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Activities in Models of Recreational Demand

Author

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  • W. Bowman Cutter
  • Linwood Pendleton
  • J. R. DeShazo

Abstract

Economists have taken divergent approaches to incorporating on-site activities into their empirical specifications of site choice models. We develop a model that explicitly allows individuals to choose both on-site attributes and site activities. This model not only conditions the marginal value of site attributes on the choice of an activity, but also explicitly recovers the marginal rates of substitution across activities. This approach reduces biases in the welfare analysis of changes in site attributes when preferences for attributes depend upon the choice of activities undertaken at the site. We test hypotheses generated by our model by comparing rival models of demand for access to beaches in Costa Rica.

Suggested Citation

  • W. Bowman Cutter & Linwood Pendleton & J. R. DeShazo, 2007. "Activities in Models of Recreational Demand," Land Economics, University of Wisconsin Press, vol. 83(3), pages 370-381.
  • Handle: RePEc:uwp:landec:v:83:y:2007:i:3:p:370-381
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    References listed on IDEAS

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    1. Yoshiaki Kaoru & V. Kerry Smith & Jin Long Liu, 1995. "Using Random Utility Models to Estimate the Recreational Value of Estuarine Resources," American Journal of Agricultural Economics, Agricultural and Applied Economics Association, vol. 77(1), pages 141-151.
    2. A. Brett Hauber & George R. Parsons, 2000. "The Effect of Nesting Structure Specification on Welfare Estimation in a Random Utility Model of Recreation Demand: An Application to the Demand for Recreational Fishing," American Journal of Agricultural Economics, Agricultural and Applied Economics Association, vol. 82(3), pages 501-514.
    3. Therese C. Grijalva & Robert P. Berrens & Alok K. Bohara & Paul M. Jakus & W. Douglass Shaw, 2002. "Valuing the Loss of Rock Climbing Access in Wilderness Areas: A National-Level, Random-Utility Model," Land Economics, University of Wisconsin Press, vol. 78(1), pages 103-120.
    4. Loomis, John B. & Gonzalez-Caban, Armando & Englin, Jeffrey E., 2001. "Testing For Differential Effects Of Forest Fires On Hiking And Mountain Biking Demand And Benefits," Journal of Agricultural and Resource Economics, Western Agricultural Economics Association, vol. 26(02), December.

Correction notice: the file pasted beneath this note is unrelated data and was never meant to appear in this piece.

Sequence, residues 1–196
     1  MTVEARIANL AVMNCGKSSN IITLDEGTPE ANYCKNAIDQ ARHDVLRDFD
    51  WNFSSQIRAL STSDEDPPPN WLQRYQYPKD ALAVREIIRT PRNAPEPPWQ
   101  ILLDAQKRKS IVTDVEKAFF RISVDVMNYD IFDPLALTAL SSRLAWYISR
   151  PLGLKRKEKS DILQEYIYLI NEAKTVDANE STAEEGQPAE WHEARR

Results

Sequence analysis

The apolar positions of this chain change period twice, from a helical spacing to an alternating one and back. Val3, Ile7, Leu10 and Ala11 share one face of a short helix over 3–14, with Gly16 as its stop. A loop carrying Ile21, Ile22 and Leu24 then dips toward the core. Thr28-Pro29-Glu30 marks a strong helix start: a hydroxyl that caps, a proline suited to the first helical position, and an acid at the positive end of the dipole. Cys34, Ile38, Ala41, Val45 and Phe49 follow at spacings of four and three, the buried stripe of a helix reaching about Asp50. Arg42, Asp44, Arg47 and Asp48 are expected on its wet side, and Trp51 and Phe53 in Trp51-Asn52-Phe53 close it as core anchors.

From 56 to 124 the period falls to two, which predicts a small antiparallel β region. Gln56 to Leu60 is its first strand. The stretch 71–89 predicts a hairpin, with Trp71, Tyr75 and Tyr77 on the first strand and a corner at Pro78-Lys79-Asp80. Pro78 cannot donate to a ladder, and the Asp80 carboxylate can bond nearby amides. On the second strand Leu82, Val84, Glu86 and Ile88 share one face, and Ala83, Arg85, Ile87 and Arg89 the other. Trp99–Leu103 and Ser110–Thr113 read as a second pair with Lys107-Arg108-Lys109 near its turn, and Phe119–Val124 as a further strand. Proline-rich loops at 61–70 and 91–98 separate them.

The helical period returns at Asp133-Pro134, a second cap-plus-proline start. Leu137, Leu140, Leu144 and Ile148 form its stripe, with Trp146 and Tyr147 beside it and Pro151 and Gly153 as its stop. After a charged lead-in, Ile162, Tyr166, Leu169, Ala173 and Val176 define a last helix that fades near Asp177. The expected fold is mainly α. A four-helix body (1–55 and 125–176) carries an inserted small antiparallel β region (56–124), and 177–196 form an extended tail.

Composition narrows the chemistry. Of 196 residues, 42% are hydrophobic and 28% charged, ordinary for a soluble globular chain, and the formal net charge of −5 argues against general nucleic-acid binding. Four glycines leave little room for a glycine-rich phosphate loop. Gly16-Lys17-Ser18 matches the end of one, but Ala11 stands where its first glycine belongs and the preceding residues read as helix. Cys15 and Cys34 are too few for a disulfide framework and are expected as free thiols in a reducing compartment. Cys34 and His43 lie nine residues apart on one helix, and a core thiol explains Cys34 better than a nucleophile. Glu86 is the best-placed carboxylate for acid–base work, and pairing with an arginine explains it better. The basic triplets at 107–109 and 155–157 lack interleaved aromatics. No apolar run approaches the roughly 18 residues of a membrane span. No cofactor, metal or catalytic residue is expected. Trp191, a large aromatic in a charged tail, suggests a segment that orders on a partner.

5. Kelvin J. Lancaster, 1966. "A New Approach to Consumer Theory," Journal of Political Economy, University of Chicago Press, vol. 74, pages 132-132.
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    Citations

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    Cited by:

    1. Bujosa Bestard, Angel & Font, Antoni Riera, 2009. "Environmental diversity in recreational choice modelling," Ecological Economics, Elsevier, vol. 68(11), pages 2743-2750, September.
    2. Chen, Min & Lupi, Frank, 2013. "Modeling Long Overnight Trips by Chaining Recreation Sites," 2013 Annual Meeting, August 4-6, 2013, Washington, D.C. 150489, Agricultural and Applied Economics Association.
    3. Ghimire, Ramesh & Green, Gary T. & Paudel, Krishna P. & Poudyal, Neelam C. & Cordell, H. Ken, 2017. "Visitors' Preferences for Freshwater Amenity Characteristics: Implications from the U.S. Household Survey," Journal of Agricultural and Resource Economics, Western Agricultural Economics Association, vol. 42(1), January.
    4. Chen, Min & Lupi, Frank, 2009. "Does economic endogeneity of site facilities in recreation demand models lead to statistical endogeneity?," 2009 Annual Meeting, July 26-28, 2009, Milwaukee, Wisconsin 49449, Agricultural and Applied Economics Association.
    5. Chen, Min, 2009. "Does Economic Endogeneity of Site Facilities in Recreation Demand Models Lead to Statistical Endogeneity?," Graduate Research Masters Degree Plan B Papers 55808, Michigan State University, Department of Agricultural, Food, and Resource Economics.

    More about this item

    JEL classification:

    • D1 - Microeconomics - - Household Behavior
    • Q2 - Agricultural and Natural Resource Economics; Environmental and Ecological Economics - - Renewable Resources and Conservation

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